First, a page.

Cedars-Sinai Medical Center

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A BI-WEEKLY PUBLICATION FROM THE CEDARS-SINAI CHIEF OF STAFF March 10, 2017 | Archived Issues

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New Process for Blood Draws Paying Off

It's rare to find a patient who enjoys having blood drawn. Yet it's an experience most patients have to face. Approximately 70 percent of healthcare decisions rely on some component of lab testing, much of which depends on the work of phlebotomists.

These trained specialists face a tough challenge: how to ensure that patients are satisfied with a service many would rather avoid.

Focusing on Patient Satisfaction

That question is important not only to Cedars-Sinai but also to the federal government. The Centers for Medicare and Medicaid Services regularly asks patients to rate their satisfaction with the care they received while in the hospital. Patients fill out surveys that include queries about the quality of hospital-based blood collection.

The answers to these questions bear directly on the work of Laboratory Support Services, which is responsible for about half of all blood drawn at Cedars-Sinai, said associate director Khalil Huballa.

Huballa’s department has sought to better understand patients’ experiences to improve the service its phlebotomists provide. The department decided about two years ago to take a deeper look at its interactions with patients and developed a lab-specific patient questionnaire.

"We came up with our own process that we wanted to participate in ourselves to monitor and see how we're doing," Huballa said.

The effort is paying off.

Before the initiative began, Laboratory Support Services received about 10 Standing Ovations from patients per month. Today, that number is closer to 50.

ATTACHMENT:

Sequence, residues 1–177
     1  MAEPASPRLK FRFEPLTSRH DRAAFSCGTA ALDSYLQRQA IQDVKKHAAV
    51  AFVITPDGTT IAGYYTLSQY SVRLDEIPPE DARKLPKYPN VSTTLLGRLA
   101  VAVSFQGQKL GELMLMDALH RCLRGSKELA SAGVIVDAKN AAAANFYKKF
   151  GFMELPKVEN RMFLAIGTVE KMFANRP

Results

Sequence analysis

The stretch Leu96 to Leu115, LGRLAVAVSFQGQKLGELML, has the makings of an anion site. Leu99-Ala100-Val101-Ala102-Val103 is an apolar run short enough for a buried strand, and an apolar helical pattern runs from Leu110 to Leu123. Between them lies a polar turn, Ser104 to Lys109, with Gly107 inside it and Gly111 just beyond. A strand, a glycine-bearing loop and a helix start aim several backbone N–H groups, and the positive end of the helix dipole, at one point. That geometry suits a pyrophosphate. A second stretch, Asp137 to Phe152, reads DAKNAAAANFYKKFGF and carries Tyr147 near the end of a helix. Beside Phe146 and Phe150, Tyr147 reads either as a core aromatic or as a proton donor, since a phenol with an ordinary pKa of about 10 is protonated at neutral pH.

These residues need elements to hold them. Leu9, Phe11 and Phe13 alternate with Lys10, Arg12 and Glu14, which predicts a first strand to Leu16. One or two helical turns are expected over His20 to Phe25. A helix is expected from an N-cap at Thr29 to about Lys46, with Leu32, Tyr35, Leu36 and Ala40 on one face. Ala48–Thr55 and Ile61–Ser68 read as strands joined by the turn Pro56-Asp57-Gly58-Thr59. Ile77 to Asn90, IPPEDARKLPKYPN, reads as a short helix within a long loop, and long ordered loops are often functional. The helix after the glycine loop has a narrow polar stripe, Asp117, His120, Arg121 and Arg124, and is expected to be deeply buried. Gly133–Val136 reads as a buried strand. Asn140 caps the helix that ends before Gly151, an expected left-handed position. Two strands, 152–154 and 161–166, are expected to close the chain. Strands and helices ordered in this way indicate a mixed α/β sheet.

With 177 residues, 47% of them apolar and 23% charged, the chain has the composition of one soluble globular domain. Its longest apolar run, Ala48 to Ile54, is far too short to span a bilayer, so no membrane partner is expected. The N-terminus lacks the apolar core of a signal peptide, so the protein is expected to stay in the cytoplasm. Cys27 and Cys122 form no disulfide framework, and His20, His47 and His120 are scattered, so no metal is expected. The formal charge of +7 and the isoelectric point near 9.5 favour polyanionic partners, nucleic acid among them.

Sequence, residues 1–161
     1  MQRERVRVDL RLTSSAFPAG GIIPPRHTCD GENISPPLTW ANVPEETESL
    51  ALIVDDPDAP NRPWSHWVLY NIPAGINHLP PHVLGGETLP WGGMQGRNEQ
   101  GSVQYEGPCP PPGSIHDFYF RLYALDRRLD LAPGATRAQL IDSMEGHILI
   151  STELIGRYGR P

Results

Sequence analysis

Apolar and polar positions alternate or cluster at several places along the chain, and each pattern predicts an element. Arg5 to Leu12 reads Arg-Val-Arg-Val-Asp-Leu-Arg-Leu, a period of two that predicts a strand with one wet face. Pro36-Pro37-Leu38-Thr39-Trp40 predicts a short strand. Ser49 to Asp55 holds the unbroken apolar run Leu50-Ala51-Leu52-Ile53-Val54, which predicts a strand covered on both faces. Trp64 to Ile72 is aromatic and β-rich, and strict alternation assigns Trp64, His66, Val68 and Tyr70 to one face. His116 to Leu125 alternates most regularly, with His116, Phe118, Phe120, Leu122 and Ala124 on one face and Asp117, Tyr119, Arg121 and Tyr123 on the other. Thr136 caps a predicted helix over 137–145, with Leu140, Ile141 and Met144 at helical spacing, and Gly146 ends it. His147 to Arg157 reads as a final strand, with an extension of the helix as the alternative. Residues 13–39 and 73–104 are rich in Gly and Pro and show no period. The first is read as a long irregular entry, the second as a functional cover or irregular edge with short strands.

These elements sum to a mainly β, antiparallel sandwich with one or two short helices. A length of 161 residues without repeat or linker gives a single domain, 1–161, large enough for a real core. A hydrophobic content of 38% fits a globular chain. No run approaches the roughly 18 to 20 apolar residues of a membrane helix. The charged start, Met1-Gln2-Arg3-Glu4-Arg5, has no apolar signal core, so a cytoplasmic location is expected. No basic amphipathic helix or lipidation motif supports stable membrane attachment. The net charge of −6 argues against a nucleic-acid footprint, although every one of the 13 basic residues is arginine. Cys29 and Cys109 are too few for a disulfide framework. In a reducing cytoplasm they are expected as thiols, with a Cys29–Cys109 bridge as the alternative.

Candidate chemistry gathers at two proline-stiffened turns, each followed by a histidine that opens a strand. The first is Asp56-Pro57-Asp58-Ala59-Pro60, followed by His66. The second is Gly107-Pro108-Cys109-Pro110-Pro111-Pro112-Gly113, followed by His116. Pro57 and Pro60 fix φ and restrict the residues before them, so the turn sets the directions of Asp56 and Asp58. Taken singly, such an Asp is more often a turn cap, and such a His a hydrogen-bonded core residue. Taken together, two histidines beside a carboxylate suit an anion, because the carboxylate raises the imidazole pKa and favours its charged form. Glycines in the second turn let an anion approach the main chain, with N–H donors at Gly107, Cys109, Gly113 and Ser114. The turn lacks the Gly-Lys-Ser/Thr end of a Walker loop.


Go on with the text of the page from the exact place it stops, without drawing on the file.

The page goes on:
"We also have had about five of our phlebotomists receive the Circle of Friends recognition, wherein patients donate a gift to the medical center on behalf of that employee because of the services provided," Huballa said.

Identifying Shortfalls

The first step to improving patient care was identifying where the department was falling short. The department randomly selected patients to complete its questionnaire. Patients could give one of five responses that ranged from "poor" to "fabulous" when asked about their experience with phlebotomists.

"We wanted to gauge that patient's experience from the perspective of the process," Huballa said. “We could then take that and make a scale out of it and graph it, so we can see how it was trending for us."

Gaining Patient Feedback With Rounding

Once patients filled out the survey, they were visited by technical managers, team leads from Laboratory Support Services and sometimes staff from Quality Assurance. Rounding is ideally conducted within a few hours of the phlebotomist's visit so that the patient is most likely to recall the experience. Staff often solicited additional feedback from family members who were in the room during a blood draw.

"They all seemed to appreciate it," said Arlette Labostrie, a technical manager with Laboratory Support Services. "We found that when we said we were from the department, and the person who drew your blood this morning reports to me … they could see a direct link that we were aware. I honestly wish we had more time to do this type of work, because the patients seem to appreciate the fact that somebody cares."